Think you’re too busy to compost? Today I’m going to challenge that excuse with a busy person’s guide to composting. No watering, no turning and no temperature taking required.
Why You Should Compost
Before I tell you how easy and quick composting can be, I’m going to give you a few reasons why you should compost.
Composting reduces the amount of garden waste that you need to haul away, burn or otherwise dispose of.
It reduces food waste too, which means you wont need to empty your kitchen garbage can as frequently and you’ll have fewer cans full of trash to haul to the curb for the garbage man to take away each week. If your garbage collection company charges you by the can like mine does, composting can save you a little money.
And while we’re talking about reducing waste, it’s worth mentioning that all the food we throw into our garbage cans is filling up our landfills and speeding up global warming too. So if you’re eco-conscious, composting is just another way to be kind to our environment. Source
While reducing waste alone is a great reason to compost, there’s one more reason that makes it even more worthwhile.
It’s the fact that compost is like black gold to your garden!
Compost improves soil structure and fertility, helps plants retain moisture and provides a slow release of important micro-nutrients and macro-nutrients to your plants.
A Busy Persons Guide To Composting
Composting is simply the breakdown of organic materials by microorganisms. It happens all the time in nature without any human intervention. But gardeners can step in and intervene a little, or a lot, and speed things up a bit.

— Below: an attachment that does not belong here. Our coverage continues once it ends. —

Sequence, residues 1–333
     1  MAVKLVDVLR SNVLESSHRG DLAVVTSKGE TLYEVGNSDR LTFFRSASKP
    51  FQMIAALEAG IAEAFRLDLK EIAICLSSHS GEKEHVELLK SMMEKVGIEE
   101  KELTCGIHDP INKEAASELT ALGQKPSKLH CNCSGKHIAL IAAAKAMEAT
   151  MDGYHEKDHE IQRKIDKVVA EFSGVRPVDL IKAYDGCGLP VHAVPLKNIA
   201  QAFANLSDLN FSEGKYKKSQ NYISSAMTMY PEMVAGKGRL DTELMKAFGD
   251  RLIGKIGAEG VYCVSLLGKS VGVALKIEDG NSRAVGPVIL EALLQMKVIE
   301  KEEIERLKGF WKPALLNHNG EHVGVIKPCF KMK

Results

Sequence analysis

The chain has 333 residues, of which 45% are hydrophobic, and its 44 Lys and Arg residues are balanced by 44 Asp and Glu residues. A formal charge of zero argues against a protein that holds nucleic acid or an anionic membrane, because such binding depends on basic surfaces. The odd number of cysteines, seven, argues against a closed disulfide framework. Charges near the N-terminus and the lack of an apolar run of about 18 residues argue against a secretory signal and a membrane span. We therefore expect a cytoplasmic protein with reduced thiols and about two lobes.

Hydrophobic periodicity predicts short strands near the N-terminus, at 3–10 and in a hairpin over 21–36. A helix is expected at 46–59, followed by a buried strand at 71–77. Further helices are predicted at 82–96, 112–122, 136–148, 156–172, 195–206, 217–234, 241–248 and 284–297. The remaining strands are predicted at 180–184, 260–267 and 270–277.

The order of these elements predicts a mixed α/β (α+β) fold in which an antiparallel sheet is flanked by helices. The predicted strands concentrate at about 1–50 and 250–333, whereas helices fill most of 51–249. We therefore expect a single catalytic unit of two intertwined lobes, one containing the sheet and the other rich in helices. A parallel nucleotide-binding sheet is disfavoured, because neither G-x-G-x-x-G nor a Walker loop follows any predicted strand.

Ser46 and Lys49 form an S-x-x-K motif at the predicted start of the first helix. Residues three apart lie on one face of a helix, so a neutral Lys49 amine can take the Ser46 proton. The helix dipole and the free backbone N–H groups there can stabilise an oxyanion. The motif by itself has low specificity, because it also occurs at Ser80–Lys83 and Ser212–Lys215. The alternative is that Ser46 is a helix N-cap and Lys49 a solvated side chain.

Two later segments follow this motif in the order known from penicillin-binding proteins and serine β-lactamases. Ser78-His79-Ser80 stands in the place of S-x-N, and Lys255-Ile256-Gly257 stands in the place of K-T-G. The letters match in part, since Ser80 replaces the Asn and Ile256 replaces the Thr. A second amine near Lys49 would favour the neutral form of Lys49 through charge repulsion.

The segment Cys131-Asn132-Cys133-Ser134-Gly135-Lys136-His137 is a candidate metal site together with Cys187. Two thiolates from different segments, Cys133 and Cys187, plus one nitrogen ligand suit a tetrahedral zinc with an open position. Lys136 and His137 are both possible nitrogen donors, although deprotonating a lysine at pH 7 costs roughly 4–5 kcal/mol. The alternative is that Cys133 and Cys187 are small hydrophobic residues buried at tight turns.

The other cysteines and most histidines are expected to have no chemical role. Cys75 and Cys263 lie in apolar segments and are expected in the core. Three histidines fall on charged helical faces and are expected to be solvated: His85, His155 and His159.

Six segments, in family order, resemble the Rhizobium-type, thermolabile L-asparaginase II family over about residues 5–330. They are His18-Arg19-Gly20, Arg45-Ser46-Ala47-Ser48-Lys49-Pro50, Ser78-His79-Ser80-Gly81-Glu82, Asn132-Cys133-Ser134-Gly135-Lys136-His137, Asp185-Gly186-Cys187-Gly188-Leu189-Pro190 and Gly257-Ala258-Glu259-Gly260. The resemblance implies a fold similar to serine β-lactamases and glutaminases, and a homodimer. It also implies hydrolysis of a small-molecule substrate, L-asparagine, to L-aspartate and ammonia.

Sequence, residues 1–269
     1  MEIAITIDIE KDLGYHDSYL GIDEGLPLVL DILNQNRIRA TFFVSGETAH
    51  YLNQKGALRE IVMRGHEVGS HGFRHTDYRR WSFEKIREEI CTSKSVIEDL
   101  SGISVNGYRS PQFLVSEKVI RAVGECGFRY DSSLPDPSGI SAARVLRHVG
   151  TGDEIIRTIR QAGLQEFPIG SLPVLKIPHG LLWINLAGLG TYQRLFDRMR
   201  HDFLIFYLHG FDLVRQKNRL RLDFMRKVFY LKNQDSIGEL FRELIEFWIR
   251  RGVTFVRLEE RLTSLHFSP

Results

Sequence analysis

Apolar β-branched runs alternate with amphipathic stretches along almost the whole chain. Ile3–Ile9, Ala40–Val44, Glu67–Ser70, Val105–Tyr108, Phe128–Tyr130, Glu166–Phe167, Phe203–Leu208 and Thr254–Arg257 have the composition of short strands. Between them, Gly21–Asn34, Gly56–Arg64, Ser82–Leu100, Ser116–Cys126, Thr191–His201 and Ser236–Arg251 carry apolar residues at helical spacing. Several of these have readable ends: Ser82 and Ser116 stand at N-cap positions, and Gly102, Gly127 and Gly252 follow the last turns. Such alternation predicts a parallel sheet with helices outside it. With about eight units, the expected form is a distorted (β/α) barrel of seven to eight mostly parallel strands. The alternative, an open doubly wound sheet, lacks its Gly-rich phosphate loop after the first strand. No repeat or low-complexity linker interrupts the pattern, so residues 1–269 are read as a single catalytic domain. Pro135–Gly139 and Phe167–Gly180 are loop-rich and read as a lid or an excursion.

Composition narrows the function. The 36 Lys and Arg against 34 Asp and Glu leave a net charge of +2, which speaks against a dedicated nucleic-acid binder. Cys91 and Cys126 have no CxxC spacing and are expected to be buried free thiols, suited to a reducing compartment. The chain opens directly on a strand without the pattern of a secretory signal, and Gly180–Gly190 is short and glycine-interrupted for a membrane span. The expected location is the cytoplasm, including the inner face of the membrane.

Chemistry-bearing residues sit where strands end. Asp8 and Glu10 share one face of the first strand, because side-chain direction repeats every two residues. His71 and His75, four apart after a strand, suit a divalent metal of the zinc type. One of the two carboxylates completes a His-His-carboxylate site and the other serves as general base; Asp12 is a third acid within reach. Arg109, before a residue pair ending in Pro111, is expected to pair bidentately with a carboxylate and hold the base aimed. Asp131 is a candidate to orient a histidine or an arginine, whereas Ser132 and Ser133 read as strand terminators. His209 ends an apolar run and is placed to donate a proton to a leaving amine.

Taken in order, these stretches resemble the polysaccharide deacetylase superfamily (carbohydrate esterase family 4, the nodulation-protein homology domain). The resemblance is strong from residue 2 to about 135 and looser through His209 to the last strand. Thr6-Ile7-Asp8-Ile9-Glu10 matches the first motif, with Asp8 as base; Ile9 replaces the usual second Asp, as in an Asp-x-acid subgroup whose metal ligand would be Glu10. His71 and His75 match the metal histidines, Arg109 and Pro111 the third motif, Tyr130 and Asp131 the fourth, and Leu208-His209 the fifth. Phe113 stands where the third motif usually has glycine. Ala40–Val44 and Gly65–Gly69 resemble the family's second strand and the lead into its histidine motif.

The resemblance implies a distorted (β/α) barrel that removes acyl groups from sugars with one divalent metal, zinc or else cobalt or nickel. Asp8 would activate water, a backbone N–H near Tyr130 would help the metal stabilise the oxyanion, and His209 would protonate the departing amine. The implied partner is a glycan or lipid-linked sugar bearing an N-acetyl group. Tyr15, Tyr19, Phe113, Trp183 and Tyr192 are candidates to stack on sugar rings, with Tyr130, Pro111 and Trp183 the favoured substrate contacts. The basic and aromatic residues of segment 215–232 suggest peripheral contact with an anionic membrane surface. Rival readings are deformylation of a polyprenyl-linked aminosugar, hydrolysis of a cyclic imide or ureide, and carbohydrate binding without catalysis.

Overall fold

To compost, the busy person’s way, you’ll only be intervening a little bit. And you’ll need just four things: a suitable place to pile things up, organic matter, a storage container in or near your kitchen and patience.
A Place to Pile Things
The best location to pile your compost is near your garden. You can simply pile it up in a corner of your yard, but I like to keep ours a little more contained.
We used this makeshift compost bin for a few years until an unfortunate accident with a burn barrel led to its demise. It’s was nothing more than some skids nailed and wired together, with chicken wire strung across the front.
After it burned down, we started using the metal housing from an old refrigerator we had lying around waiting to go to the scrapyard. We drilled some holes in the bottom so excess water and rain would drain off. It’s not pretty, but it works.
If you live in a subdivision, you might want to come up with something that will be a little nicer looking than these two options, unless making the neighbors or your homeowners association angry is your thing.
Organic matter is: matter composed of organic compounds that come from the remains of plants and animals and their waste products.
But not just any organic matter will do when it comes to composting. There are some kinds of organic matter that don’t belong in your compost pile. Meat and bones are a no no. So are dairy products and cooking oils. Diseased plants are a bad idea too. Seedy or rhizomatous weeds like purslane, Bermudagrass and bindweed are best avoided. Any herbicide treated lawn clippings or chemically treated wood chips are out. Pig manure isn’t advisable for use on a vegetable garden, as it can still harbor harmful to human pathogens even after decomposition. And it should go without saying, but human and pet waste don’t belong in your compost pile either, unless your pet happens to be a chicken.